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University of Texas professor Kali Nicole Gross has a homicidal maniac as her muse — and that led her to write “Hannah Mary Tabbs and the Disembodied Torso: A Tale of Race, Sex, and Violence in America.”
BY Charles Ealy | PUBLICATION My Statesman
Gross, a professor of African and African Diaspora Studies, came across the story of Tabbs while writing her 2006 book, “Colored Amazons: Crime, Violence, and Black Women in the City of Brotherly Love, 1880-1910,” which reconstructs black women’s crimes and how they were covered in the press. The book also explores how the ambitions and frustrations of marginalized women played into the commission of these crimes.
“As soon as I read about the Tabbs case, I knew it deserved its own monograph,” she says. “I had a little bit about it in my first book, but I always knew this story deserved its own book. I was enthralled the minute I laid eyes on some of the newspaper coverage.”
As Gross puts it, Tabbs “was very good at being very bad.”
Gross says she didn’t set out to focus on crime when she was going to graduate school at the University of Pennsylvania. The native New Yorker says she “was going to look into black women’s entrepreneurship, black women with hair salons and other businesses. … But I had a passion for social justice and didn’t want to be removed from social concerns. So some friends and I volunteered to teach a four-hour seminar once a week at the State Correctional Institution in Muncy, three hours outside Philadelphia.”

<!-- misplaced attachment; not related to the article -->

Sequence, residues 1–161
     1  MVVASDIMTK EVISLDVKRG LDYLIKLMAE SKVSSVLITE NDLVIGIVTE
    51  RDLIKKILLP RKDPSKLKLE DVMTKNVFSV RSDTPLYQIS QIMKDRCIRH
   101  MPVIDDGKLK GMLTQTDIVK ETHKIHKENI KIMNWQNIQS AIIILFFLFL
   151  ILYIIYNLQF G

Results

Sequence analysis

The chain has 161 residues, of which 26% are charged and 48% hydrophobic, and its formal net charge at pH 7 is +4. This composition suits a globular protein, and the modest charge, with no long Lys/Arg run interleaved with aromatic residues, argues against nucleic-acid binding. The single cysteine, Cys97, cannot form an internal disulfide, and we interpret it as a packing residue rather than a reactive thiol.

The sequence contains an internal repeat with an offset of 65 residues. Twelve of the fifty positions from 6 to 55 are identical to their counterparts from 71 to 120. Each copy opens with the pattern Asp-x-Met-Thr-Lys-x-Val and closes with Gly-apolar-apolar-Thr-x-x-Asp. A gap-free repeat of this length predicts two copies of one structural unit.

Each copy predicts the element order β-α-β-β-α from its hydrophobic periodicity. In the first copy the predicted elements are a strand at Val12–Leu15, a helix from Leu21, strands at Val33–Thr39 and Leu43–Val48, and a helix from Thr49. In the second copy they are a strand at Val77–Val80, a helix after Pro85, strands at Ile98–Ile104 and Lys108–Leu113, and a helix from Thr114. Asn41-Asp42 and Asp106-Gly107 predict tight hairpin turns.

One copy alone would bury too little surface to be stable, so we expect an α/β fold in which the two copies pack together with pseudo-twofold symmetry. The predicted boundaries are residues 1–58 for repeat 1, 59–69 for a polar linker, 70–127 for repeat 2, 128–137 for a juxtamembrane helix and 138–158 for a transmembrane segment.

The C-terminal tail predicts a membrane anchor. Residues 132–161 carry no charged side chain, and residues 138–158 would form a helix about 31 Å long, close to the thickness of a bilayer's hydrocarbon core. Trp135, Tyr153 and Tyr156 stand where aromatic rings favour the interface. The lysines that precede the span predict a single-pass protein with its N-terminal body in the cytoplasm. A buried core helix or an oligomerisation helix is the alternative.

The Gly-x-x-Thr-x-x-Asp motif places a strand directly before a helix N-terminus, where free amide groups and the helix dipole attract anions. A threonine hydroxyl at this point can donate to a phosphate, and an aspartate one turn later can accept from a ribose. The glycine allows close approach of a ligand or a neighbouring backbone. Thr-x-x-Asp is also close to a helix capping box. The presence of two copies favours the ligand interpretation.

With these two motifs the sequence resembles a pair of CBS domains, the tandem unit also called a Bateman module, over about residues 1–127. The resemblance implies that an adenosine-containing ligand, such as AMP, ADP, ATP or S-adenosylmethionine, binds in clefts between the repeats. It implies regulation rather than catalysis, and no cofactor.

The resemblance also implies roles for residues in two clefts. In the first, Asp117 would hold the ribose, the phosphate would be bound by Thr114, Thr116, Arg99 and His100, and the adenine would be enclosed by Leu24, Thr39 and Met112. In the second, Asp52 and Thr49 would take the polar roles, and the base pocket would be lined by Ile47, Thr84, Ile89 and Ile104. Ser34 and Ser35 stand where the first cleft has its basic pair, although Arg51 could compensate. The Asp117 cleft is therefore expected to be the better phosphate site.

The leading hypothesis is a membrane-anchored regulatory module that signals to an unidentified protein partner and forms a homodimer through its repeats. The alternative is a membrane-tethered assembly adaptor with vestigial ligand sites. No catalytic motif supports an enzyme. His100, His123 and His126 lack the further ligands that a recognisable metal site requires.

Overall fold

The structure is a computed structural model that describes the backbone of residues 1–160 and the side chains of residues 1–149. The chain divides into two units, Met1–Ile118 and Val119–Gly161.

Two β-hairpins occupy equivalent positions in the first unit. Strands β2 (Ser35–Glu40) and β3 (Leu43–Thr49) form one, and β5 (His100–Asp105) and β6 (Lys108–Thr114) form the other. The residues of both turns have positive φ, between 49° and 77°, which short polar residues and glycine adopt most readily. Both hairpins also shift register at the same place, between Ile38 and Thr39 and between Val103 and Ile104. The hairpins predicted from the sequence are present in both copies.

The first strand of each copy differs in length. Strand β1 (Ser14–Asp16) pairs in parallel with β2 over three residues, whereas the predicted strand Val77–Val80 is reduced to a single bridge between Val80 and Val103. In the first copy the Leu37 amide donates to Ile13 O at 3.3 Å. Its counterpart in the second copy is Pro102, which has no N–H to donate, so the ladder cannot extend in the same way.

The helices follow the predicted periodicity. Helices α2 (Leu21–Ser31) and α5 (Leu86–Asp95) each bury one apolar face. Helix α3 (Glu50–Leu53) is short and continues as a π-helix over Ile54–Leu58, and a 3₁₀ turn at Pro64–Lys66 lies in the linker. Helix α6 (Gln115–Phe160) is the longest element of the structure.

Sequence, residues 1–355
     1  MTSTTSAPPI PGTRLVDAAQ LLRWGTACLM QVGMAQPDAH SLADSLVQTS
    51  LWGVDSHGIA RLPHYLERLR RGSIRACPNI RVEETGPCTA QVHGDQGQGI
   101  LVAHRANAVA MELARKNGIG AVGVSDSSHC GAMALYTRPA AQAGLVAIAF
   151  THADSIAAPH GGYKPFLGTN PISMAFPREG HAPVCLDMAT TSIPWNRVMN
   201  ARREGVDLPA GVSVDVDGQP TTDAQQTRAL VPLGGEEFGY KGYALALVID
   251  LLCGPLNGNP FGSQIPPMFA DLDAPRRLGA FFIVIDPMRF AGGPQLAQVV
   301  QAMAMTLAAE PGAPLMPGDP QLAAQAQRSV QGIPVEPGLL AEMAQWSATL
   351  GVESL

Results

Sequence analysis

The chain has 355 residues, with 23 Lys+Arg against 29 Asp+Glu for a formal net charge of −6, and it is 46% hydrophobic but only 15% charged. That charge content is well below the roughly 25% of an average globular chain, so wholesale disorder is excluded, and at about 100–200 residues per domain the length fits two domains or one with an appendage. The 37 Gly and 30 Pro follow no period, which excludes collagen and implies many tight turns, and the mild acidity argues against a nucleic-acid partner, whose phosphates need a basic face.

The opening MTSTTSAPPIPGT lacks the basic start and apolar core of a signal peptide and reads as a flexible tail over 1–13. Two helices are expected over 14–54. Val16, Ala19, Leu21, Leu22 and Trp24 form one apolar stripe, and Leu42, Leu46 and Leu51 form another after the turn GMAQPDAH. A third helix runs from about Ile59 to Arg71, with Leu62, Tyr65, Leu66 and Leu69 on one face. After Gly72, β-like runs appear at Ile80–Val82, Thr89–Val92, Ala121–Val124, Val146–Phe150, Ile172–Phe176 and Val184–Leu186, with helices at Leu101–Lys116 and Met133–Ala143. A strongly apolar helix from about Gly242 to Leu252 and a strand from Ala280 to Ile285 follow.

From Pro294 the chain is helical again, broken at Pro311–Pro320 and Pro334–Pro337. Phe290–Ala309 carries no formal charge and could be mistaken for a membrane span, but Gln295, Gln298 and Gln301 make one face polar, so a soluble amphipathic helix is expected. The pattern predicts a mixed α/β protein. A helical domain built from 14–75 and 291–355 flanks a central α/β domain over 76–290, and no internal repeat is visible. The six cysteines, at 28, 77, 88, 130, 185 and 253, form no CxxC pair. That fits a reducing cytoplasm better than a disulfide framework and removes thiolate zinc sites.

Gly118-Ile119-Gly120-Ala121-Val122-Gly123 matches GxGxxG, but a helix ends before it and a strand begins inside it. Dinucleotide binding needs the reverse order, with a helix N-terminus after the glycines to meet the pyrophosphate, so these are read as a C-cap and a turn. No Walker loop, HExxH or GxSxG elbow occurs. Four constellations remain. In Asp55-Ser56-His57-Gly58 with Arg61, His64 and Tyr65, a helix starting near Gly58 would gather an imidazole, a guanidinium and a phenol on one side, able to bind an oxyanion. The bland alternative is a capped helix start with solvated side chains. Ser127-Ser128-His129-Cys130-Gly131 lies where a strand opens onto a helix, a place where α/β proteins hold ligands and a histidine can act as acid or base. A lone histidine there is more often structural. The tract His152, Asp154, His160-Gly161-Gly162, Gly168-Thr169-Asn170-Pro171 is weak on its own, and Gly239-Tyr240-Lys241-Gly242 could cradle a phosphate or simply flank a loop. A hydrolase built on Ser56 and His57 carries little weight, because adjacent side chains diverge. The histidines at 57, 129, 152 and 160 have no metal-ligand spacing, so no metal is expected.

AUTHOR & PROFESSOR – African American Studies at Wesleyan University
Kali Nicole Gross is a Professor of African American Studies at Wesleyan University. Her research concentrates on black women’s experiences in the United States criminal justice system between the late nineteenth and early twentieth centuries.
She is author of the award-winning book, Colored Amazons: Crime, Violence and Black Women in the City of Brotherly Love, 1880-1910, and the newly released, Hannah Mary Tabbs and the Disembodied Torso: A Tale of Race, Sex, and Violence in America. Dr. Gross’s writing frequently explores how historical legacies of race, gender, and justice shape mass incarceration today. Her short essays and opinion pieces have been featured in BBC News, The Washington Post, The Huffington Post, The Root, Warscapes, Ebony, Truthout, New Black Man (In Exile), The American Prospect, and Jet.
Dr. Gross has taught a range of students from those in housing projects in New York City to prisoners at the State Correctional Institution-SCI Muncy to students at colleges and universities across the country.
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